This blog is part of a series focused on keeping agricultural and green industry employees safe during the COVID-19 pandemic. Other blogs in the series cover information employers need to share with employees and steps employers can take to protect employees.
Farm workers and green industry professionals (landscapers, tree trimmers, pesticide/fertilizer applicators, etc.) already face risks from heat illness, equipment injury, agri-chemical exposure, and other workplace hazards. With the outbreak of COVID-19, they now face an additional risk as they work to produce our food and maintain our urban landscapes. Some of our local agricultural employers have reached out to UF/IFAS Extension for guidance in keeping their workplaces safe during the pandemic. Below is a summary of current guidance, based on the CDC’s Interim Guidance for Agricultural Workers and Employers (updated June 11, 2020; accessed July 27, 2020) and Interim Guidance for Businesses and Employers to Plan and Respond to Coronavirus Disease (updated May 6, 2020; accessed July 24, 2020). Other helpful resources include OSHA’s Guidance on Preparing Workplaces for COVID-19 and a quick tips 1-page fact sheet, COVID-19 Guidance for Agricultural Workers and Employers from the Martin County Department of Health and UF/IFAS Extension Martin County. As information about COVID-19 changes frequently, this blog is intended as a basic summary of the major considerations, with links where you can access the most current guidance from the CDC and other health and safety agencies.
What if an employee becomes sick or has a sick family member?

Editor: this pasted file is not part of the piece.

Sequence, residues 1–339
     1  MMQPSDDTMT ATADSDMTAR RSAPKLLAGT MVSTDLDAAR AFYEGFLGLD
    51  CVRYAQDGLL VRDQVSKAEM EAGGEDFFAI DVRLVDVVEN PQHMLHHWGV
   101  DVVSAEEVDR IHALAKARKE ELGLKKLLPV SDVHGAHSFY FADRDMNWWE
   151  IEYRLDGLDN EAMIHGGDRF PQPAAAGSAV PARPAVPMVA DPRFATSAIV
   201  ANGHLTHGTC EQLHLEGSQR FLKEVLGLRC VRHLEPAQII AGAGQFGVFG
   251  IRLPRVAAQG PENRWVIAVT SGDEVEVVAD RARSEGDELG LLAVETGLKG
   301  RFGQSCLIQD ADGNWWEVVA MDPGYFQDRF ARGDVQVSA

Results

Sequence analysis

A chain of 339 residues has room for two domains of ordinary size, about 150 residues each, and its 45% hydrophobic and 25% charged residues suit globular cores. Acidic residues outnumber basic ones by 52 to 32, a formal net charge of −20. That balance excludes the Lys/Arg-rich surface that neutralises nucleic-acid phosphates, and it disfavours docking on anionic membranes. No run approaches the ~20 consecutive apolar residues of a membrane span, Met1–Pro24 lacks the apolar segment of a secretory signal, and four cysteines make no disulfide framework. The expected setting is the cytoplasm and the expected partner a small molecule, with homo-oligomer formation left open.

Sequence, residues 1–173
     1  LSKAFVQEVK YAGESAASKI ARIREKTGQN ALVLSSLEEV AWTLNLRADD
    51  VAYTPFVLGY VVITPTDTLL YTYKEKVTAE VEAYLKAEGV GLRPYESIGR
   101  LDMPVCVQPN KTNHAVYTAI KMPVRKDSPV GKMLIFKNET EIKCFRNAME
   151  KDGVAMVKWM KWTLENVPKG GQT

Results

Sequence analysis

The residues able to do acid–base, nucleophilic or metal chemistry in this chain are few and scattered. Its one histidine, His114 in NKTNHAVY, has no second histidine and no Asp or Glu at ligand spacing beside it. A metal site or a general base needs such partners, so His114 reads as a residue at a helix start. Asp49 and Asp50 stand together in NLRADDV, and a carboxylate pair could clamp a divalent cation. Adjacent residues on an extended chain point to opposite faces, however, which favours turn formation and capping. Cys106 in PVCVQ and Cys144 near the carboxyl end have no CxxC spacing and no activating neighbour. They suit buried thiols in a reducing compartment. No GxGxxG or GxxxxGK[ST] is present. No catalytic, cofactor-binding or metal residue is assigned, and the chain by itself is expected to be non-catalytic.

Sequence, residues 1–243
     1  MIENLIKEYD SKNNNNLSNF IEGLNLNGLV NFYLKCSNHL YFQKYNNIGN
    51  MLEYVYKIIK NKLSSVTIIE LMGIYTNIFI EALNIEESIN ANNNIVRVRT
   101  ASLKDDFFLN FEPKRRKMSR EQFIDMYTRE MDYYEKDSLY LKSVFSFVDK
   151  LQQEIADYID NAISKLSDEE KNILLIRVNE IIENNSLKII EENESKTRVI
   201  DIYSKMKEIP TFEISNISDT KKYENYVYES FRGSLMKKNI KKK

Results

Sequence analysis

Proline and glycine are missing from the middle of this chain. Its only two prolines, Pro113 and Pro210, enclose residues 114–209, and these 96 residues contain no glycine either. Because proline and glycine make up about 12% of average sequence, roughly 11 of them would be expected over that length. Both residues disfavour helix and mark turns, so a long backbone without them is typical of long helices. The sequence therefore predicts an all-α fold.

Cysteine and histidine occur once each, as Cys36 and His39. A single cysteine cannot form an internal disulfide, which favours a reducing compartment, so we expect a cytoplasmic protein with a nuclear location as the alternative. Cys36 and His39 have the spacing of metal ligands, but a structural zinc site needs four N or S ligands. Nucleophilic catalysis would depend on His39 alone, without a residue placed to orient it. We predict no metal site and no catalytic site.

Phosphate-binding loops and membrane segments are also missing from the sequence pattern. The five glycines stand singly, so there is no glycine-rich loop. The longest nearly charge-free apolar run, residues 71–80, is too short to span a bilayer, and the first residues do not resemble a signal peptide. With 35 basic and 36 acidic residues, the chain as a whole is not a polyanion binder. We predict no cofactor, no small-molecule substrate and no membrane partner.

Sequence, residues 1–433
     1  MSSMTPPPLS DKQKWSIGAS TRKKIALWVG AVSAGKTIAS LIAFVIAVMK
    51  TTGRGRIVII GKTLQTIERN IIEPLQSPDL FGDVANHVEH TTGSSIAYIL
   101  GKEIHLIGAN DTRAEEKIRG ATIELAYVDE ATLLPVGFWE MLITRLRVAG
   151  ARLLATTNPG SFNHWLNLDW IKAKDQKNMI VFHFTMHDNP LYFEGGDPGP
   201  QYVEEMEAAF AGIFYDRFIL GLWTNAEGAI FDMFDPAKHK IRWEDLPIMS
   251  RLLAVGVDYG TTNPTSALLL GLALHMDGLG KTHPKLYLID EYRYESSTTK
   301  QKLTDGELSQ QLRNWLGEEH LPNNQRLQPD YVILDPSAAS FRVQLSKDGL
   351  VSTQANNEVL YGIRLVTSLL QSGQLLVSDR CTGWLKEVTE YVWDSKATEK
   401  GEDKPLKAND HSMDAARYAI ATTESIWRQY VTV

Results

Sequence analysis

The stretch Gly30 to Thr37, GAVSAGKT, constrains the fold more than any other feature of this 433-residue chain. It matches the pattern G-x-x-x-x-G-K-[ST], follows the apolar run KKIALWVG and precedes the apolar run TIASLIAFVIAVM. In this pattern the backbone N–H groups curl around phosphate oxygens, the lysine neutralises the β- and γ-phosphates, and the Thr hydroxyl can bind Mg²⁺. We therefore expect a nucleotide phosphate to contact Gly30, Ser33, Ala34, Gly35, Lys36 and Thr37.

The CDC recommends employers encourage their employees to notify their supervisor if they are sick or have a family member sick at home with COVID-19. Employees who have symptoms of COVID-19 should stay home. Symptoms of COVID-19 are wide-ranging and can include: fever or chills, repeated shaking with chills, cough, shortness of breath or difficulty breathing, fatigue, muscle or body aches, headache, new loss of taste or smell, sore throat, congestion or runny nose, nausea or vomiting, diarrhea, etc.
If an employee shows symptoms at work, they should be separated from other people immediately and sent home. Employers should have a plan in place in advance to provide safe transport for sick employees to get back home or to a healthcare provider. The personnel who are responsible for managing sick employees should be given appropriate PPE and training. Employees staying home sick should follow CDC steps to help prevent spread of COVID-19, including if applicable, specific CDC guidance for large or extended families living in the same household. Employers should review their leave policies to make sure employees are able to stay home when needed. There are federal tax credits available to help employers provide the paid leave required by the Families First Coronavirus Response Act. For more information on employer responsibilities, see Steps Employers Can Take to Protect Workers.
If confirmed that an employee does have COVID-19, the employer will need to inform others potentially exposed individuals, educate employees on protective measures they can take, and the employer may need to perform additional disinfection. Others at the work site who have had sustained, close contact (within 6 feet) of the employee would be considered exposed, based on the CDC’s safety practices for critical infrastructure workers who may have had exposure (updated April 20, 2020; accessed July 24, 2020). Employers should work with health officials to identify other potentially exposed individuals, including coworkers. Health officials can also help employers to consider the appropriate role for testing and workplace contact tracing after a worker tests positive. When informing other individuals of their possible exposure to COVID-19, be sure to maintain confidentiality required by the ADA and provide the CDC Public Health Guidance for Community-Related Exposure. Protective measures employees should be made aware of include: